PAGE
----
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The Current Relationship Status of Asset Owners and Bankers

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Michael Maduell, President of the Sovereign Wealth Fund Institute

Michael Maduell, President of the Sovereign Wealth Fund Institute

Headline after headline, asset owners such as OMERS and Temasek Holdings are displacing private equity firms, taking majority positions in companies and real estate assets. Our Sovereign Wealth Fund Transaction Database shows a mounting upward trend from 2005 onward of public institutional investors going direct. 2015 has been a bumper year for direct investing.

On the scale of asset owner buying power, wealth funds and Canadian pensions will be hard to top this year. Looking deeper into the deal process, asset owners like CPPIB, Abu Dhabi Investment Authority and China Investment Corporation are gradually relying less on investment bankers. Often times, these institutional giants share investment ideas through informal networks and strategic alliances. Many wealth funds and pensions attend our conferences to share notes with peers and meet directly with asset managers. Furthermore, wealth funds and mega pensions tap ideas from the private equity community – typically asset owners agree to commit substantial sums of money to get in on “unique” deals from return generators like KKR, Ares Capital and the Blackstone’s of the world.

Many wealth funds and pensions attend our conferences to share notes with peers and meet directly with asset managers.

Under Pressure

Investment bankers, are still incredibly relevant in deal opportunities from the corporate side of the table, but they no longer hold most of the cards in sourcing potential investments. What has complicated the job of bankers is their market position. Globally, investment banking units are under pressure. European investment banks have suffered more compared to their U.S. colleagues. The Eurozone has proven to be dangerous ground as Credit Suisse and Deutsche Bank continue to make drastic cuts in headcount in various departments.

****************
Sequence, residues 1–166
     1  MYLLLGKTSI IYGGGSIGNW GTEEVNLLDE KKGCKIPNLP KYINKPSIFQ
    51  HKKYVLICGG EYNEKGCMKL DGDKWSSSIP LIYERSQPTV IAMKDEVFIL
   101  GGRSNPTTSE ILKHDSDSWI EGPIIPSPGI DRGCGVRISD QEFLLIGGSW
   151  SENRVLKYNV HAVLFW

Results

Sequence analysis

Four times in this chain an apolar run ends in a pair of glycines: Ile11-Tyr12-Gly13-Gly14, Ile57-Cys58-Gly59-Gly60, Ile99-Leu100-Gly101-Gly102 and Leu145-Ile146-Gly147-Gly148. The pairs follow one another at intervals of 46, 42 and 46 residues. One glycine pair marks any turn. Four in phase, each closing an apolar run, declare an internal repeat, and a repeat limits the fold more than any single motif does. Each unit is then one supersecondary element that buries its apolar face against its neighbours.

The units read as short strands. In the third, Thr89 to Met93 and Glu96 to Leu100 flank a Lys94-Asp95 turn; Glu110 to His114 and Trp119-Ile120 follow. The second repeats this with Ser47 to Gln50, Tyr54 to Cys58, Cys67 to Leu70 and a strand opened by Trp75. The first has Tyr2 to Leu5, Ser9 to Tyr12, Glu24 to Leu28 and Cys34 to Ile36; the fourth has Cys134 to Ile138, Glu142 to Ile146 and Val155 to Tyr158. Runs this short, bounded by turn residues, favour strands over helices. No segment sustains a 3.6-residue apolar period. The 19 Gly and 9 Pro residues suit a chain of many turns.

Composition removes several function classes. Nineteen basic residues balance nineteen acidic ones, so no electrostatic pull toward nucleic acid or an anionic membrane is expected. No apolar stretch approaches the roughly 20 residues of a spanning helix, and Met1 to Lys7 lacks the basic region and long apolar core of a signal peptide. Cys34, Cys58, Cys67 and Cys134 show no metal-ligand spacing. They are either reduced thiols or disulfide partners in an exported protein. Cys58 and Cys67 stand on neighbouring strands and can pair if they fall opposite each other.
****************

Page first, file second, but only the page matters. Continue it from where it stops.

Once key profit centers, many banking units have returned lower profits and even worse, increased regulatory scrutiny for the parent company. Banks like Barclays, UBS and Deutsche Bank have had their reputations further damaged by the foreign exchange manipulation scandals.

Goldman Sachs

This issue of the Sovereign Wealth Quarterly hones in on Goldman Sachs – an investment bank that has dodged many scandals (besides the major one with Libyan Investment Authority) and has generated substantial profit figures in banking the last few quarters. In April, the bank’s IB division posted net revenue of US$ 1.9 billion – its best quarterly result since 2007.

Goldman Sachs, which has access to many U.S. and European technology companies, has been kicking deal opportunities over to sovereign funds. For example, an Abu Dhabi sovereign wealth fund ended up investing in music streaming service Spotify. Spotify had hired Goldman Sachs to find institutional investors in a huge fundraising round to help the company face off against Apple. Apple recently launched a music streaming service – Apple Music.